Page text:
LEN is a leader groomed by 20 years of molding and shaping by some of the finest leaders in the United States Marine Corps. Their guidance helped Len realize his full potential as he moved from an enlisted Marine to becoming an Officer of Marines. Len became known for being the leader who could turn any lackluster organization into a strong, functional unit. Upon his retirement, Len worked in several positions before finally starting a second career in governmental procurement. His experience and leadership skills enabled him to be recognized as the 2011 Governmental Procurement Officer of the Year for the Governmental Procurement Association of Georgia and opened doors for him to teach at many of the association’s conferences. Len was also called to the ministry and was ordained at Ashford Memorial Methodist Church in November of 1999. Today, Len is the Pastor of Maxeys Christian Church in Maxeys, Georgia. Len has been married to his wife, Hazel, for 36 years and they have three daughters, three grandchildren, and three great-grandchildren. Grab your copy of Len's new Book – Leadership Matters | Advice From A Career USMC Officer. Using his life experiences as examples, Len takes the eleven principles of leadership and the fourteen traits every leader should possess—which he learned during twenty years in the Marine Corps—and teaches the reader how he was molded and shaped by some of the best leaders the Corps had to offer.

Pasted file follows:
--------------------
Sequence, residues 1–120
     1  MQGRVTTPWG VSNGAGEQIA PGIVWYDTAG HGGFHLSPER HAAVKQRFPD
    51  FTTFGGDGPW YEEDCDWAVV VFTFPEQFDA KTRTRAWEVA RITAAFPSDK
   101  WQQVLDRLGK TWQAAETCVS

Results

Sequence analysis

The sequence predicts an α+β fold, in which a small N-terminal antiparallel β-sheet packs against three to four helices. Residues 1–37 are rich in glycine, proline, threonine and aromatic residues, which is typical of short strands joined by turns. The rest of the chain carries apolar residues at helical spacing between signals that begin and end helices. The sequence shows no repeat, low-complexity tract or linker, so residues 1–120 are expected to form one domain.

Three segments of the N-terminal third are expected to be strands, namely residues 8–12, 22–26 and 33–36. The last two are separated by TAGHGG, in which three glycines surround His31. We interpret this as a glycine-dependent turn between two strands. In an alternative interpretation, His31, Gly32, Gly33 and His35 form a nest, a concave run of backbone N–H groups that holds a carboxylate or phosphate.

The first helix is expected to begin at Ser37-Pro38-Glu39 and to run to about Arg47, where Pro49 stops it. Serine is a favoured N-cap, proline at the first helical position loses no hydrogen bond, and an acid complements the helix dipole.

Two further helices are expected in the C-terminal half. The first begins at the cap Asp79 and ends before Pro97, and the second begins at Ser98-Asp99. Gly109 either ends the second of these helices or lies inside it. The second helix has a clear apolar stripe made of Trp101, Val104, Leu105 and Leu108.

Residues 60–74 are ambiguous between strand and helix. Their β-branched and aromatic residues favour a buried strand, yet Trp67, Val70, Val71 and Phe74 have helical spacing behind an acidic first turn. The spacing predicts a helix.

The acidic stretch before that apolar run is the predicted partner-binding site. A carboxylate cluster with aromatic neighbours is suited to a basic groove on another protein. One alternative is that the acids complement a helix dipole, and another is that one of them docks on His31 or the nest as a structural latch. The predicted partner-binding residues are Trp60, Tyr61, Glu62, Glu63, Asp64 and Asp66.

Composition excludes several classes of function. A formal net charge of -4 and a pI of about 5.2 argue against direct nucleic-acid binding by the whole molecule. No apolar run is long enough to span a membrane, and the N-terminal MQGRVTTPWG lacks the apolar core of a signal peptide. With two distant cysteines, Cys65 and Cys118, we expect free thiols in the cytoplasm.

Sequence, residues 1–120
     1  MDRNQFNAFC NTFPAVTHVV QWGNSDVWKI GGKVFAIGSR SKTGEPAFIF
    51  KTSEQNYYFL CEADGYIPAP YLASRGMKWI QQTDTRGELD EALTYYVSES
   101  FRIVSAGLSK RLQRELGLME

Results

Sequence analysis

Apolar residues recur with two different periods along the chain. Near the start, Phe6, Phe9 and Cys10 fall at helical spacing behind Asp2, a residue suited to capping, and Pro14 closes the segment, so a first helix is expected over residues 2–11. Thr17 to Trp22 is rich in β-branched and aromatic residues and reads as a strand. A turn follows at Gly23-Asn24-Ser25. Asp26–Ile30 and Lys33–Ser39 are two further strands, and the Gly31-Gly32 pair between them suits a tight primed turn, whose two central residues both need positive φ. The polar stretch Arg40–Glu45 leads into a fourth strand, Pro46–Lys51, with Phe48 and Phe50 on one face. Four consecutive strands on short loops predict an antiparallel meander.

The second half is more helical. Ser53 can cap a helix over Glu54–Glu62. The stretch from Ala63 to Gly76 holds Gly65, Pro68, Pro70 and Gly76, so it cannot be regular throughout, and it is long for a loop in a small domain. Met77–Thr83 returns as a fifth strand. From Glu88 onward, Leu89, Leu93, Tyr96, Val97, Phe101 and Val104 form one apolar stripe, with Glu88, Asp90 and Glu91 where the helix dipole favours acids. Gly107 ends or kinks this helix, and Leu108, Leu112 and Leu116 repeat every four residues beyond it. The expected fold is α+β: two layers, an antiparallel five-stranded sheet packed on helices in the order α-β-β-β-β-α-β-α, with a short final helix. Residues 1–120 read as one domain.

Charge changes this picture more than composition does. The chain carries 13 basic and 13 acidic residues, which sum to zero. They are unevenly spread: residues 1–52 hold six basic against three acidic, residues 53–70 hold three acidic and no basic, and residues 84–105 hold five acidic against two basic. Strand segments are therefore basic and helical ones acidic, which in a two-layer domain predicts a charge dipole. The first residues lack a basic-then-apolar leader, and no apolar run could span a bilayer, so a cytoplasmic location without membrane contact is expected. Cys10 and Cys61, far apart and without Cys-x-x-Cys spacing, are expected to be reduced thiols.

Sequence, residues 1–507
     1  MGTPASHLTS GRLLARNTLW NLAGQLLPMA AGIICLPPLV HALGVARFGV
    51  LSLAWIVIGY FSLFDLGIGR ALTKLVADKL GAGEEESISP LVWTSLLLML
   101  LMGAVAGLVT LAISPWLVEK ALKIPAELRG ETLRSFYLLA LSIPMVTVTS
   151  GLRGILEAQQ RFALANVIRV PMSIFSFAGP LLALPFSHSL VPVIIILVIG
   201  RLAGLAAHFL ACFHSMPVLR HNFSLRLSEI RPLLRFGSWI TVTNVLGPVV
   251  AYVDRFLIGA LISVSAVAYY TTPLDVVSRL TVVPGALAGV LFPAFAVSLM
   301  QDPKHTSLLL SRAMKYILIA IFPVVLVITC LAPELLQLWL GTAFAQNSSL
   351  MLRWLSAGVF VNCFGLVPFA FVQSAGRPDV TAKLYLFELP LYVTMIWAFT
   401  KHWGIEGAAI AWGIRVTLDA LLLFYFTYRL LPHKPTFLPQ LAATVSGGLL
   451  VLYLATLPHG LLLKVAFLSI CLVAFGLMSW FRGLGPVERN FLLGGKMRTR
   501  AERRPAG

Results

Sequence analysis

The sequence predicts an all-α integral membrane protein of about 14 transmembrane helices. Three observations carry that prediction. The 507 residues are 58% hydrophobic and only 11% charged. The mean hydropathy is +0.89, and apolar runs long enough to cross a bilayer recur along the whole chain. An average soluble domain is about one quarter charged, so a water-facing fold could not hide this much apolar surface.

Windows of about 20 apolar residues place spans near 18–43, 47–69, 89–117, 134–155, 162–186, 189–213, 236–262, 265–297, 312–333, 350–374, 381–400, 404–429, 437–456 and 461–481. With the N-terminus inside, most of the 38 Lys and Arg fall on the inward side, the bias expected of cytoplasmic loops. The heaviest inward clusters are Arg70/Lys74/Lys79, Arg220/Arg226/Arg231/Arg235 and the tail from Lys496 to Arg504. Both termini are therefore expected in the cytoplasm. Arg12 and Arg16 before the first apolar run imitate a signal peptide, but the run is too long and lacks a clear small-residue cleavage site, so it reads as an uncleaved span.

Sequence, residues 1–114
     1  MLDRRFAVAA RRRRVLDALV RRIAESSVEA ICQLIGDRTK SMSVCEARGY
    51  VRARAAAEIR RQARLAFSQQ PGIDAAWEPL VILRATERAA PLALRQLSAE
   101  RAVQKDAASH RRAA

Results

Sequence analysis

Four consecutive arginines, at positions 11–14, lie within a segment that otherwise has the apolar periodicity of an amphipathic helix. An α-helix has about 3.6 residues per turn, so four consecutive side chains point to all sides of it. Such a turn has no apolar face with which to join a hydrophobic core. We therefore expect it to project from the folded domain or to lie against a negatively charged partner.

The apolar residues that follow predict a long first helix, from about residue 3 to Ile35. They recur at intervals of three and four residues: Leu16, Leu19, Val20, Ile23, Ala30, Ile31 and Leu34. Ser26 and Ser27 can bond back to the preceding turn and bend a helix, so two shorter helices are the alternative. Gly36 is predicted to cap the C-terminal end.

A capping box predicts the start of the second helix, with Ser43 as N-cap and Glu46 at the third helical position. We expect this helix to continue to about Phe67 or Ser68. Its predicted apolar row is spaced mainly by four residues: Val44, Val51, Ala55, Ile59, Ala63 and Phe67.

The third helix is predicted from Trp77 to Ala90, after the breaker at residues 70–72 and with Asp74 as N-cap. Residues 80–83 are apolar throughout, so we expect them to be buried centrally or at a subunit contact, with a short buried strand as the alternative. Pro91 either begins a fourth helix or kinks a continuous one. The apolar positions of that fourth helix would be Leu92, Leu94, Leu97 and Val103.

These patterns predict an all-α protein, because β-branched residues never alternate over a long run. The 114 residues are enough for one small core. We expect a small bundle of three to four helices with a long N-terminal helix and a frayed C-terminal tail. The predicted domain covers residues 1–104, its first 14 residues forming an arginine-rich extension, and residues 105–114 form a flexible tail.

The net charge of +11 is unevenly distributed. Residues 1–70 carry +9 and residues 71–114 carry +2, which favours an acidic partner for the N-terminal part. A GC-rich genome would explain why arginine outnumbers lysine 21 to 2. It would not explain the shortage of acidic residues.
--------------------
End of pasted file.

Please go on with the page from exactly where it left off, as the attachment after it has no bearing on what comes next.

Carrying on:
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  1. Greetings Len from The Gumshoe. We would have made a great interview and interrogation team since we both are on the same sheet of music.

    I found that suspects only confessed if they liked you after you take the time of building up a repore with them. Also, an offer and acceptance of a McDonald’s hamburger after a period of time lead many of my suspects to a confession with fries!

    In closing,God gave us two ears and one mouth and so a good investigator knows to listen twice as much as she or he should speak.

    Great article! Semper Fi!

    • Danny – As difficult as some of the situations were that I had to investigate, I knew when the pieces of the puzzle were starting to fit together and I could feel my heart racing as I weaved a web that the accused could not escape. Seeking truth is its own reward. You, above all others, truly understand this fact. Thanks for reading my article and for your approval. Semper Fi.

    • Danny – Thanks – and I believe that there is a little bit of Chesty in everyone who earned the title United States Marine. Ooh-rah!